Skip to content Skip to footer
Enquiries Call 0800 652 8025
Woman listening to her pregnant partner's belly

The legal considerations of using a known or unknown donor

For many, starting a family through donor conception involves a multitude of considerations to include social, emotional, and also the legal position of the family unit and any child born. Thought is not only given to the present but also to the future and the  impact of any decision made not only on the parent(s) but also on their child.

From the outset, one of the main considerations is whether to move forwards with a known or unknown donor. Such a decision is a very personal one, to be made by each family unit taking into account their own concerns, expectations and wishes for the future. From a legal perspective such a decision has wide and far reaching implications and it is therefore important to understand the various options and legal implications of your chosen route.

Conceiving with an unknown donor

Choosing to conceive with an unknown donor through a licensed fertility clinic here in the UK provides clarity and security for you and your child. There is a legal framework designed to protect you and your child with clear procedures for automatic recognition of legal parenthood and any associated rights and responsibilities. Those receiving treatment can become the legal parents; this means that they will be financially responsible for the child and can provide inheritance rights. They may also be named on the birth certificate and may acquire parental responsibility, which is the legal right to make day to day decisions in respect of the child and their welfare. An unknown donor will not acquire legal status and will not be registered on the birth certificate, thereby not acquiring parental responsibility.

Since 2005, the law around the anonymity rules of donors in the UK were changed and it became possible for a donor conceived child to obtain some information about the donor and their genetic origins should they wish to in the future. For example, at the age of 16, a donor conceived person can obtain non-identifying information about their donor and at 18, identifying information. In addition, information can be obtained about donor conceived genetic siblings, if their details are also registered.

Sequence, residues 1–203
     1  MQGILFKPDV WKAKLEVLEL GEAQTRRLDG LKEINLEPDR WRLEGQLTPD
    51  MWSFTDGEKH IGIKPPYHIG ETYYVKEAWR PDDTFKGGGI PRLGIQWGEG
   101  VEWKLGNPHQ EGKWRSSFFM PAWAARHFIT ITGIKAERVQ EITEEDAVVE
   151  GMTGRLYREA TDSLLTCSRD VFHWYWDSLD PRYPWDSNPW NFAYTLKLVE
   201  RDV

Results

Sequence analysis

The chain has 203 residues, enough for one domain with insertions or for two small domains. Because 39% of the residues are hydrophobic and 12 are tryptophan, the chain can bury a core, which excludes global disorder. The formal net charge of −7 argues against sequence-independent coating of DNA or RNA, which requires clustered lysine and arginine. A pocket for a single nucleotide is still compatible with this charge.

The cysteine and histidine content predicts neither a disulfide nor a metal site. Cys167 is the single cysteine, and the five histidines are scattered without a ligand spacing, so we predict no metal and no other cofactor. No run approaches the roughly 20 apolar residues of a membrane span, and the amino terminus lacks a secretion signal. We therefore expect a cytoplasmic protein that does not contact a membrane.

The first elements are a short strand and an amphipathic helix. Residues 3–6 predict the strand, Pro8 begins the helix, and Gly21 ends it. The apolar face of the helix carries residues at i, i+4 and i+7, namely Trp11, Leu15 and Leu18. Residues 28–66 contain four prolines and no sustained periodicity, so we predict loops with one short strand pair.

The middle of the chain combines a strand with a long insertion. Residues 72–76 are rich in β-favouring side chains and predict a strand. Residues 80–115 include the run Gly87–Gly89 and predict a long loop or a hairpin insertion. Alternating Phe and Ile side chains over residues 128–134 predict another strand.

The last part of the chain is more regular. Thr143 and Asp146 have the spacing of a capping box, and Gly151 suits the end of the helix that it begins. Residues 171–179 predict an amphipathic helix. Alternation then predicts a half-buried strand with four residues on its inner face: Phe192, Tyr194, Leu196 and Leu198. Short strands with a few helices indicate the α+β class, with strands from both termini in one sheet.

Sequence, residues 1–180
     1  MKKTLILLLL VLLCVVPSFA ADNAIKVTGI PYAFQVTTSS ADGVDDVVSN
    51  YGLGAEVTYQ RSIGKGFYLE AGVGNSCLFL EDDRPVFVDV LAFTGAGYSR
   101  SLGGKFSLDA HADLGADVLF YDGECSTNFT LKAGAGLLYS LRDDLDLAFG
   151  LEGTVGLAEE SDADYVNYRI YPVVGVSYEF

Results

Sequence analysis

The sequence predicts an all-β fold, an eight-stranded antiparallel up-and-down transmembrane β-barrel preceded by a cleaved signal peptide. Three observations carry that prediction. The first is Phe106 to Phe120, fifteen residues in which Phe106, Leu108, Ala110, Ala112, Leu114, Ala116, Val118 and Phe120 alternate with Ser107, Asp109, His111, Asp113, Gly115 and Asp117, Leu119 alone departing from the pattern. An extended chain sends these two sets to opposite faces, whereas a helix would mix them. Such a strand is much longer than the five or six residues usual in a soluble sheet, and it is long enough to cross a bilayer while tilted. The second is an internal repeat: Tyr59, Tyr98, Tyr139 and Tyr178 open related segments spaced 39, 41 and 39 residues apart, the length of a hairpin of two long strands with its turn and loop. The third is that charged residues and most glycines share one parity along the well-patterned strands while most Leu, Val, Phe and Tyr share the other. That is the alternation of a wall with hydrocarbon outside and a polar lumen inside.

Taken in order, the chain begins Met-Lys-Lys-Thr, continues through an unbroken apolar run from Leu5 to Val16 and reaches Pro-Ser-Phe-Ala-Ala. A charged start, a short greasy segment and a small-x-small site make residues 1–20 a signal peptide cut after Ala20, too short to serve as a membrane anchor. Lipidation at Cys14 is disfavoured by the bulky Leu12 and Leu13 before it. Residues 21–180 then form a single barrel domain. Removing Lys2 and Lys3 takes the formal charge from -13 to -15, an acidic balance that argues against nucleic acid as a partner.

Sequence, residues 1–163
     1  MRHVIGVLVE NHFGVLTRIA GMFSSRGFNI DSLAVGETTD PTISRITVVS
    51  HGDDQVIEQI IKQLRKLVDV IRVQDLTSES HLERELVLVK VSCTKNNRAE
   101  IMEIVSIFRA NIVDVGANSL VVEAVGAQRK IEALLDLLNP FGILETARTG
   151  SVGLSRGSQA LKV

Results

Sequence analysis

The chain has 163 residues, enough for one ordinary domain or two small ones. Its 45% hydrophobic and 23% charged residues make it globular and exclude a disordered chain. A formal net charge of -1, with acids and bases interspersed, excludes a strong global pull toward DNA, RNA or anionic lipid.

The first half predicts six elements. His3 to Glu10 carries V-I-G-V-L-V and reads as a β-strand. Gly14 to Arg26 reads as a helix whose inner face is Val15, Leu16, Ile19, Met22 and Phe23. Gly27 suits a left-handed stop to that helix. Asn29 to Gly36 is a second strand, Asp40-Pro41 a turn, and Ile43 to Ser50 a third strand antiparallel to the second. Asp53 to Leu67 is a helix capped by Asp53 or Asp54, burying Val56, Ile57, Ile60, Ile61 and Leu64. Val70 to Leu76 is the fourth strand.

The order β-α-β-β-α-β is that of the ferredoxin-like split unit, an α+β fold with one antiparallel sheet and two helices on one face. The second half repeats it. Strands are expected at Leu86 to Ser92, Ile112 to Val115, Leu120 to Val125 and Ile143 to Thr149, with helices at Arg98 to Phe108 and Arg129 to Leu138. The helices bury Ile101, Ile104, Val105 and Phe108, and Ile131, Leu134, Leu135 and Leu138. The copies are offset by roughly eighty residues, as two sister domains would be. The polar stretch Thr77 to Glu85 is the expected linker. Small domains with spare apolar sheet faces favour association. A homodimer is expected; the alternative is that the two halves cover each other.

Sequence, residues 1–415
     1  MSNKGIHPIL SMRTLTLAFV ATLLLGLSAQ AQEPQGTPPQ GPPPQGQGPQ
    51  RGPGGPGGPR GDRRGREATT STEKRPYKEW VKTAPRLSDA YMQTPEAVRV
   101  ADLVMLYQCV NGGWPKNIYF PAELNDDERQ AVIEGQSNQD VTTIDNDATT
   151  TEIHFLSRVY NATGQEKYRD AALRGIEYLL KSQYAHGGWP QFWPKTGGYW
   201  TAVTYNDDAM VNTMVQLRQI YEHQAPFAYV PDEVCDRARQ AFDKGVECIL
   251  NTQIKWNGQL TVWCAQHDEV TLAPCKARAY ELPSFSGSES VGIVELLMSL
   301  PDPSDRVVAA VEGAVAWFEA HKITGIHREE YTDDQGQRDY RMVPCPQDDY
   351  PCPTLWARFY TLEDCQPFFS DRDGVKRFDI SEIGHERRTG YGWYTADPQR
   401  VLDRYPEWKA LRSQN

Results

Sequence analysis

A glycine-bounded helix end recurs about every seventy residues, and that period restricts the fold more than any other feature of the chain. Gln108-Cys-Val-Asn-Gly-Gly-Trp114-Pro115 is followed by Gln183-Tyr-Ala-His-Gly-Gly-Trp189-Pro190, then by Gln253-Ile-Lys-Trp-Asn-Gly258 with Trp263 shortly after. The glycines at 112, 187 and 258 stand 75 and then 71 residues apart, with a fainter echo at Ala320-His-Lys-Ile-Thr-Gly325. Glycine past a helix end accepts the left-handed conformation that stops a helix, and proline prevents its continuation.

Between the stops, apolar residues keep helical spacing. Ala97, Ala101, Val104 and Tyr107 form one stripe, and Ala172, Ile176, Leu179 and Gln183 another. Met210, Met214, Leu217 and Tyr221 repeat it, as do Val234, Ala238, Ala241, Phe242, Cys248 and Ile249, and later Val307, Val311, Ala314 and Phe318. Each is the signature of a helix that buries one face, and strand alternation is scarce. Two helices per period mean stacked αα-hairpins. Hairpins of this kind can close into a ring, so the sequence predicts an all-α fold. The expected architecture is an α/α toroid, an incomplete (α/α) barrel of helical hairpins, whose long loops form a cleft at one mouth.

Whilst the ability for the donor conceived child to find out information about their genetic origins in the future is of importance to some families, other families are not so comfortable with it. In fact, this can be one of the main factors, coupled with a shortage of donors and long waiting lists in the UK, which drives people to travel abroad for treatment and conception. Different countries have different laws and rules on information about donors, and in some destinations the donor will always be truly anonymous. This means the child will not be able to obtain further information about their donor.

If you are thinking about travelling abroad for donor conception it is important to understand what your country of destination’s legal position is on the issue of donor anonymity.

Conceiving with a known donor

For others, conceiving with a known donor is a real and significant consideration and one of the reasons we typically see behind decisions to proceed with a known donor is so that the child can have some link with their genetic identity. The degree of involvement of the known donor can vary from family to family, and the position regarding legal parenthood and status is not always as clear.

The acquisition of legal parenthood is complex and depends on how and where conception takes place and the marital/civil partnership status of the parties involved. It is essential to obtain legal advice, prior to conception, specific to the circumstances of the family unit, to ensure that it is clear who has legal parenthood, together with the associated rights and responsibilities, and that the outcome reflects the intentions of the parties. It is also essential that the role of the known donor in the child’s life and upbringing is understood and discussed clearly at the outset. For example, whether the intention is that they will be a donor with no further involvement, whether there will be a limited degree of involvement, such as an uncle or aunt figure, or whether a more full relationship with the child is anticipated. The lines in these types of arrangements can become blurred and it is therefore essential that there is full discussion and exploration of each person’s expectations prior to conception. The preparation of an agreement can assist in focusing the parties’ minds and assist in identifying any mismatch in expectation.


The legal implications of moving forwards with an unknown or known donor and in turn who acquires legal parenthood and the associated rights and responsibilities are wide-reaching for all who are involved. The use of a known or unknown donor is such a personal decision bespoke to each family. It is important to take time to carefully consider your wishes for your child and for the family unit as a whole.


Your key contact

More on this topic

Divorce and family law

Fair shares and non marital assets

Bristol University and the Nuffield Foundation have recently released their report, “Fair shares? Sorting out money and property on divorce”.
Read more on Fair shares and non marital assets

Looking for legal advice?